HARRISBURG, Pa. (WHTM) – Honey, in all its forms, is on display at the Pennsylvania Farm Show which officially opens Saturday.
“It’s 100 percent from the state of Pennsylvania,” an excited Ashley Miller of Lancaster said from behind the Pennsylvania Beekeeper’s Association table in the food court.
This booth is always abuzz at the yearly event in Harrisburg.
“It’s comb honey and this is how it looks when it comes directly out of the hive,” Miller said about a chunk of sticky hive that’s for sale.
Miller also sings the praises of bee’s wax candles which, she says, last 70 percent longer than traditional candles.
“The farm show is very big for us,” Miller said. “It’s one of our biggest shows of the year and it’s nice we can get our product out to people from all over Pennsylvania and beyond.”
But the Pennsylvania Farm Show is not only an agricultural event, it’s the name of the complex in which it’s held. During last year’s budget address, Gov. Tom Wolf called for the Pennsylvania Farm Show Complex and Expo Center to be leased. The buzz this week is that the deal’s in its final stages. In basic terms, the state will get at least $200 million up front and pay it back over time, with interest, of course.
“I’m excited about the proposal,” Harrisburg Mayor Eric Papenfuse said. “I think it could work. It could generate much-needed revenue for the commonwealth.”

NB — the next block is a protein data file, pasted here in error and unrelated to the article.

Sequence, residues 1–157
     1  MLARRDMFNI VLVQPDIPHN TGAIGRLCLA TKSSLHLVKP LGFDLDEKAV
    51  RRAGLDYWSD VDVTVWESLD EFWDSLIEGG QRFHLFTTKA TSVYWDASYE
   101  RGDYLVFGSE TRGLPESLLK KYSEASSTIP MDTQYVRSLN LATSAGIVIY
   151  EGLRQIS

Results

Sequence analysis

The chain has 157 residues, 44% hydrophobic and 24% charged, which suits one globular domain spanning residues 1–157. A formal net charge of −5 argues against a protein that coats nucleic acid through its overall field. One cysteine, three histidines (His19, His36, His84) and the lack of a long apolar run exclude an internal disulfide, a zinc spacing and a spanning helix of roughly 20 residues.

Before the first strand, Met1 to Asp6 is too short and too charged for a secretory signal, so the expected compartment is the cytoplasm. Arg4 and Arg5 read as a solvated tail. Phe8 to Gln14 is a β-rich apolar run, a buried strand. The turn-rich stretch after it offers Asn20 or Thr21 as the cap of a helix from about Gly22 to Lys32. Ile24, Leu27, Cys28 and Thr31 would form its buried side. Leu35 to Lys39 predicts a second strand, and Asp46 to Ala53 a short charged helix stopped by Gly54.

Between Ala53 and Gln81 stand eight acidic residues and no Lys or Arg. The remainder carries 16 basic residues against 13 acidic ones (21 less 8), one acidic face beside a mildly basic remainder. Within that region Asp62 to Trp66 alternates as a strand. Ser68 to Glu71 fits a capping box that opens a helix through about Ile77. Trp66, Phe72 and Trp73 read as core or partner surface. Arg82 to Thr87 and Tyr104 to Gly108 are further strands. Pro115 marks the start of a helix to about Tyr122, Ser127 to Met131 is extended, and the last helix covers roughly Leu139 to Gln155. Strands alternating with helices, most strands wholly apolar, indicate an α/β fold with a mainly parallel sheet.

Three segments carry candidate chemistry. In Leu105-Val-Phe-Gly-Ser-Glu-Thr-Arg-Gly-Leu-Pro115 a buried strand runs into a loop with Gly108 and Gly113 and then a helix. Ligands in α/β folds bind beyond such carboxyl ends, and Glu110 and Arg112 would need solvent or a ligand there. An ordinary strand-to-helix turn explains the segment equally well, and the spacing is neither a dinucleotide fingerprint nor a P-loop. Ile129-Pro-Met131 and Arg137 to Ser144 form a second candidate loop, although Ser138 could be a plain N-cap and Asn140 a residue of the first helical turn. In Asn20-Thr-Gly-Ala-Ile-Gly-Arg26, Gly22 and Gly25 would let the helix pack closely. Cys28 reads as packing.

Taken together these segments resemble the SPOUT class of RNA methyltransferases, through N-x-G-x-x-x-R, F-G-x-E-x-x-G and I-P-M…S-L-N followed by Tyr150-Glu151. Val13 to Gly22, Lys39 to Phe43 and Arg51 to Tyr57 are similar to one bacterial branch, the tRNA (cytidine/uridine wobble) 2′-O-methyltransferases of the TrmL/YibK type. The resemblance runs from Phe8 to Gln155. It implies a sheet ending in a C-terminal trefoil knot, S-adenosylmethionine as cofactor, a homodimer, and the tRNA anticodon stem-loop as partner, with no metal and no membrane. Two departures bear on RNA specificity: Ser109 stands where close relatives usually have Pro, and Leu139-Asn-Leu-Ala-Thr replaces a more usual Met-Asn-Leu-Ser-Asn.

Unlike when Harrisburg leased its street and garage parking, which caused rates, fines and citizen anger to increase, the lease of the Farm Show Complex will have no impact on visitors, according to Department of General Services spokesman Troy Thompson, who insists the state will maintain control and ownership of the facility.
“If it makes good financial sense for the commonwealth, then I say I’m all for it,” Papenfuse said.
Miller is also confident that whatever the terms of the final deal, the average Farm Show lover like her won’t get stung.
“I think it’s so well established and such a draw for people it will continue to go on as usual and the show must go on,” Miller said. “It will be here to stay.”